Pursuing permanent hemodialysis vascular access in patients with a poor prognosis: juxtaposing potential benefit and harm

Am J Kidney Dis. 2012 Dec;60(6):1023-31. doi: 10.1053/j.ajkd.2012.07.020. Epub 2012 Sep 19.


For patients with end-stage renal disease requiring hemodialysis, the native arteriovenous fistula remains the gold standard of vascular access, with tunneled cuffed central venous catheters reserved for temporary use or as a last resort in patients for whom a permanent vascular access is not possible. It is expected that most patients receiving hemodialysis will be suitable for arteriovenous fistula placement, with suitable patients defined as those: (1) for whom long-term dialysis is expected to confer benefit, (2) with vascular anatomy amenable to arteriovenous fistula placement, and (3) with progressive irreversible kidney failure who are more likely to require dialysis than to die before reaching dialysis dependence. The present article reviews considerations for vascular access decision making, focusing on older patients and those with a poor prognosis, weighing the risks and benefits of arteriovenous fistulas, arteriovenous grafts, and central venous catheters and emphasizing that in the process of vascular access decision making for such patients, medical and ethical obligations to avoid central venous catheters must be balanced by the obligation to do no harm.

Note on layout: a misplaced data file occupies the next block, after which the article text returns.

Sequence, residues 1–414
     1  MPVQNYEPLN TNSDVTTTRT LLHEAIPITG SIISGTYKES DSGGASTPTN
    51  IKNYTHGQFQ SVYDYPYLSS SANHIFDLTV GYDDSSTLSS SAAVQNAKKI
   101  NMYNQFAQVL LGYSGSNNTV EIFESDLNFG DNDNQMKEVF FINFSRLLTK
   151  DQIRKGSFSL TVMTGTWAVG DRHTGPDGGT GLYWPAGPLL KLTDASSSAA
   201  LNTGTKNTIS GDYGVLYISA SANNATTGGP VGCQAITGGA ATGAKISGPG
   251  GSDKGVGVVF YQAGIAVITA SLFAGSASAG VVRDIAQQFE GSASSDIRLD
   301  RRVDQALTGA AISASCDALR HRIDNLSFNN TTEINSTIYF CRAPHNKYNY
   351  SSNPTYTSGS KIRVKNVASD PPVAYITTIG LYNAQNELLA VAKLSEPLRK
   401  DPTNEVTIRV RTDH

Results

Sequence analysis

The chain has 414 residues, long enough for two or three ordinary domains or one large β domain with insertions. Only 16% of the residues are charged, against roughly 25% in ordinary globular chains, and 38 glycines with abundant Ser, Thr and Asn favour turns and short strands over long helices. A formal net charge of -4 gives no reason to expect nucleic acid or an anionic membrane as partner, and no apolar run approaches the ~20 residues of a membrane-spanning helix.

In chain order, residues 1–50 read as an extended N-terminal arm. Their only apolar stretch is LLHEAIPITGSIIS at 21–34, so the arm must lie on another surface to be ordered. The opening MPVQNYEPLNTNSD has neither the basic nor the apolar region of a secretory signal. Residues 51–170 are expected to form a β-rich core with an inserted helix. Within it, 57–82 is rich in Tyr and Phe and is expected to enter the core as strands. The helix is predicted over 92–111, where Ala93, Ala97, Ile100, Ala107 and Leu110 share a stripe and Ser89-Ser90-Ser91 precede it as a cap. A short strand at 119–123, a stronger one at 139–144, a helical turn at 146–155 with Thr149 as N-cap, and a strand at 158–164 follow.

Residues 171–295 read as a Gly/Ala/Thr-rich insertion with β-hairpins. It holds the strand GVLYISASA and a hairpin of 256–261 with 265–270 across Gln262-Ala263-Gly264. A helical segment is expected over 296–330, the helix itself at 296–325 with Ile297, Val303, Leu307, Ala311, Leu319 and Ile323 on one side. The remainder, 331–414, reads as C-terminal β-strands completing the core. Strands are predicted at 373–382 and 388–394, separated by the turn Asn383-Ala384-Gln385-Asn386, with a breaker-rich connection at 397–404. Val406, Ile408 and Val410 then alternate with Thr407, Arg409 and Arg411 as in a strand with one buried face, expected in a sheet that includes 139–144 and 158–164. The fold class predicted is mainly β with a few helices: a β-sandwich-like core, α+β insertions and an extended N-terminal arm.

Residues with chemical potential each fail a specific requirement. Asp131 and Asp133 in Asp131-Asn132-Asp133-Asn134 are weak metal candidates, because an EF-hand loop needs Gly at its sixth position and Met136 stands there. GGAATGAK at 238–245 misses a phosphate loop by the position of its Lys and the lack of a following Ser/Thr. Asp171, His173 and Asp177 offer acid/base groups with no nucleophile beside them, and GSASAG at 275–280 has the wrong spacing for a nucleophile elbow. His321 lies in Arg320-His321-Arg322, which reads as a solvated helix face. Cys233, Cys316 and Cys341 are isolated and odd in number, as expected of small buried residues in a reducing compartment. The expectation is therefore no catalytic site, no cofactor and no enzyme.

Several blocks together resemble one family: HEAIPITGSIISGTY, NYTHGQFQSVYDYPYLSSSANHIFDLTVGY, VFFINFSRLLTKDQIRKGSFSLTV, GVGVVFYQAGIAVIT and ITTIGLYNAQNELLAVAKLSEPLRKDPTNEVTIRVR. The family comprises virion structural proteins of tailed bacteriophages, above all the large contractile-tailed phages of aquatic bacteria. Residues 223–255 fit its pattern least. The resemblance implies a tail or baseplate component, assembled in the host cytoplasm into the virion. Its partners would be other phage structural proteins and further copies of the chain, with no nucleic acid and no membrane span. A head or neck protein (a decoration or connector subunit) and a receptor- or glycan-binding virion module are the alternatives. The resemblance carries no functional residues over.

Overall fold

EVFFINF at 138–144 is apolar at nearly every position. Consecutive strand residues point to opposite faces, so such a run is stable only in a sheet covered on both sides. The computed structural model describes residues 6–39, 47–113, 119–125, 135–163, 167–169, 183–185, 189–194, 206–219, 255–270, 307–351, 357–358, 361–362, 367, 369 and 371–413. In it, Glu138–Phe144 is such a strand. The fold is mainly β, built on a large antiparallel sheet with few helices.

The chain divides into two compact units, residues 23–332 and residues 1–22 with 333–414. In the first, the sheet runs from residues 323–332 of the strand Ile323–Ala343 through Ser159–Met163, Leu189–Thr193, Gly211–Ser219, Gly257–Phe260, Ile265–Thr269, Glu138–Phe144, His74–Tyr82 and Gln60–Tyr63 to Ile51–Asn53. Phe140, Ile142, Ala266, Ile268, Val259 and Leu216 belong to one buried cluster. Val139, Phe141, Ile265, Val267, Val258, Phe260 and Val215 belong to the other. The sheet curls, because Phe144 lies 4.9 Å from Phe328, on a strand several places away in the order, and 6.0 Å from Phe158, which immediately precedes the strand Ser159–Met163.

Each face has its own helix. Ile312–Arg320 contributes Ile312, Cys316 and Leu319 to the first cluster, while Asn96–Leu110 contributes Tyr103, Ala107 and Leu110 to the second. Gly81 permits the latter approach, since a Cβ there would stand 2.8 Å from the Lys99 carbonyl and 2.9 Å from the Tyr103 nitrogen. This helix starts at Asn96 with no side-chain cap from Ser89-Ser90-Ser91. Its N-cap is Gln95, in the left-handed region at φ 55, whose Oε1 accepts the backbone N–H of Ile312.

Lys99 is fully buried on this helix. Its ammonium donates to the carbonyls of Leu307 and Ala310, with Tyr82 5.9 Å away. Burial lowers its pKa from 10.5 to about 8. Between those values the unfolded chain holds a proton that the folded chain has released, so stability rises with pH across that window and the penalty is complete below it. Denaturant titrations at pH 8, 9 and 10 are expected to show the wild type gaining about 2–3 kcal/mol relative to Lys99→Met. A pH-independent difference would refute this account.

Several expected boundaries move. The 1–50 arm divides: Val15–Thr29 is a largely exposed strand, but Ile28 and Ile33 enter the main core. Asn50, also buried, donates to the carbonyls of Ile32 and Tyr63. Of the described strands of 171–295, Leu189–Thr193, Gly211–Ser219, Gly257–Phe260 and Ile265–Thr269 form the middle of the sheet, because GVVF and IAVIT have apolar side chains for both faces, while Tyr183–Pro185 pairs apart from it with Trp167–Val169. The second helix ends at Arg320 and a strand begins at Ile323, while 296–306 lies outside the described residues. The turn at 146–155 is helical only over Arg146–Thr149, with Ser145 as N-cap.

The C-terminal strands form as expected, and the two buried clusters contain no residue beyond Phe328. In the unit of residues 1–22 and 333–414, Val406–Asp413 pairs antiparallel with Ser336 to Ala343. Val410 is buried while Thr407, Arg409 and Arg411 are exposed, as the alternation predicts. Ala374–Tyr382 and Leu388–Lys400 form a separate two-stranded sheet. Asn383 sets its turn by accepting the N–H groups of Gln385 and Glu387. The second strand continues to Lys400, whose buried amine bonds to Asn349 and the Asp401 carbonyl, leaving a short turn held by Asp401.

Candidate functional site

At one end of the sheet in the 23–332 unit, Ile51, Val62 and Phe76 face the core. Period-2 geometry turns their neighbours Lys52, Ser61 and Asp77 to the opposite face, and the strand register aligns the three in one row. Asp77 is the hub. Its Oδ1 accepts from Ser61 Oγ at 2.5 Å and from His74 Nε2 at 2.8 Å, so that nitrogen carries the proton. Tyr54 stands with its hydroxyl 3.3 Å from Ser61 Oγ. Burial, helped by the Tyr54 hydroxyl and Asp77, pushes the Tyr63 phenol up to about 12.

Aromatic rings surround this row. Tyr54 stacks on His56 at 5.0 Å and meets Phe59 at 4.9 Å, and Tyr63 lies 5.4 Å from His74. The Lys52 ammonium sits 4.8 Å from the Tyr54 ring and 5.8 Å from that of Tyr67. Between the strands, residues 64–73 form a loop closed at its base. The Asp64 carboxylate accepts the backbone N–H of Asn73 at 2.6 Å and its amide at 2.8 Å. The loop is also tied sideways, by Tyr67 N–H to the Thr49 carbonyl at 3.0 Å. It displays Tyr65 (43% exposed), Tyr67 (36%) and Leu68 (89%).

Publication types

  • Case Reports
  • Review

MeSH terms

  • Aged
  • Arteriovenous Shunt, Surgical / adverse effects
  • Arteriovenous Shunt, Surgical / methods*
  • Catheterization, Central Venous / adverse effects
  • Catheterization, Central Venous / methods*
  • Female
  • Humans
  • Kidney Failure, Chronic / diagnosis*
  • Kidney Failure, Chronic / etiology
  • Kidney Failure, Chronic / therapy*
  • Prognosis
  • Renal Dialysis / methods*